One of the duties of a paralegal is organizing client files. Law firms keep client documentation in folders in the same basic format, usually with separate sections for correspondence, pleadings and exhibits. This article pertains to the pleadings section.
A pleading is a legal document that has been filed with the court. Once a lawsuit begins, incoming and outgoing pleadings are processed. Copies of those pleadings should be managed by paralegals in some quickly identifiable way. Why? One example is when an attorney attends a hearing. The attorney may need to refer to a pleading while arguing a point in front of the judge. Another example would be referring to information located in one pleading while drafting another pleading. There is no quick way to locate pleadings unless an understandable filing system is utilized.
The file copy of pleadings are hole-punched and added to either a folder with prongs or a three-ring binder. The copies are added in order by chronological date, starting with the earliest pleadings and the most recent being filed on top.
We now have some initial order developing for the documents, but we still need them to be located easily. At this point, paralegals will realize the importance of a pleadings index. A pleadings index is a typed list of the pleadings in a table format.
Start your document with the style of the case as a heading at the top. Entitled it “Pleadings Index.” Include page numbering in the document’s format.
An index table usually has four columns that include these column headings:
1. Tab Numbers;
2. Filing Party;
3. Description; and
4. Date Filed/Received.
The first column is for the numbers assigned to each pleading. The number one pleading would be the first document filed in the case, and so on. The pleadings are placed in the folder, and numbered tab divider sheets separate the documents. The numbers of the tabs correspond with the numbered list on the index.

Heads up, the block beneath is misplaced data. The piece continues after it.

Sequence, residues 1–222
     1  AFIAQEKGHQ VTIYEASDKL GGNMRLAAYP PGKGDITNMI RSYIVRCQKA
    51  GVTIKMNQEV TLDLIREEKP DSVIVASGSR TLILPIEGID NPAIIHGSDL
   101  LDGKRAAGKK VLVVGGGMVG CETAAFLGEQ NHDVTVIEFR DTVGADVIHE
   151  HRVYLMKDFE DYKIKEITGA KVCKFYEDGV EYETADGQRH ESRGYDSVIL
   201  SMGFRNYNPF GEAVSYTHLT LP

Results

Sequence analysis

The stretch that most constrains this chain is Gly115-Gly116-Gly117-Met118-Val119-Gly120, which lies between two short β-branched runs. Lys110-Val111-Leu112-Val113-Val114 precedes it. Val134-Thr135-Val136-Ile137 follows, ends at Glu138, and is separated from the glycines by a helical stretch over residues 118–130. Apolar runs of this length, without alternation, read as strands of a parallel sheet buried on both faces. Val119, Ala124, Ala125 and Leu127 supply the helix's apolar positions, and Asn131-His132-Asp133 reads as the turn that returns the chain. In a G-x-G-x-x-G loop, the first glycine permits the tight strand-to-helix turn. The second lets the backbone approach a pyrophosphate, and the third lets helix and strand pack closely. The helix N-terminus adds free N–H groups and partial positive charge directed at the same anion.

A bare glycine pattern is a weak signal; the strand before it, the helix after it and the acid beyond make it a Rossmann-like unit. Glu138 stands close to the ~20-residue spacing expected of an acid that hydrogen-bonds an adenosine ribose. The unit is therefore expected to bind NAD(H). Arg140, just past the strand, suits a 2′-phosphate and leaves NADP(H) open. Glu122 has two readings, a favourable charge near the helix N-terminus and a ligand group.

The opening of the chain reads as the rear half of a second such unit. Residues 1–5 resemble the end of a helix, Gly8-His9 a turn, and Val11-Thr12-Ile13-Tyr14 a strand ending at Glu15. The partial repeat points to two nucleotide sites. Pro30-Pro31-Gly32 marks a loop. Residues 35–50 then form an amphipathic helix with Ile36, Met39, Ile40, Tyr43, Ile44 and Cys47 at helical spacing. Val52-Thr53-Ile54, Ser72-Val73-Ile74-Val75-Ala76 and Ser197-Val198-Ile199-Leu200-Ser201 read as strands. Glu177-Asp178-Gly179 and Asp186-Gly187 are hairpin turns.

The second column designates which party filed the pleading: “Plaintiff” or “Defendant.” If there are several plaintiffs or defendants, designate further – “Defendant Anderson.” It is helpful to highlight your firm’s client in bold on the index – “Defendant Anderson.”
The third column contains the title of the pleading. A diligent paralegal will add a bit more information if the title is short and generic. If a title is merely “Order,” add what the Order accomplishes – “Order (setting trial date),” or “Notice of Deposition (of Dr. Johnson).”
The fourth column is the date the document was entered, or received. If the pleading is an order or similar instruction by the judge, use the date that document was entered in the court record by the court clerk. Use the date received for pleadings sent to your office from other counsel.
Your firm may utilize abbreviations in their indices. This is fine as long as the abbreviations are uniform and make sense generally. Some firms prefer formal wording with no abbreviations.
Once the index is prepared, hole-punch it and place the index on top of the tabbed pleadings.
As the case develops and more pleadings are prepared or received, add them to the index and file promptly. Ensure that the pleading file is current particularly before any scheduled events in the case.
Now the case’s litigation story has been captured and recorded, making your attorney’s tasks easier. A job well done!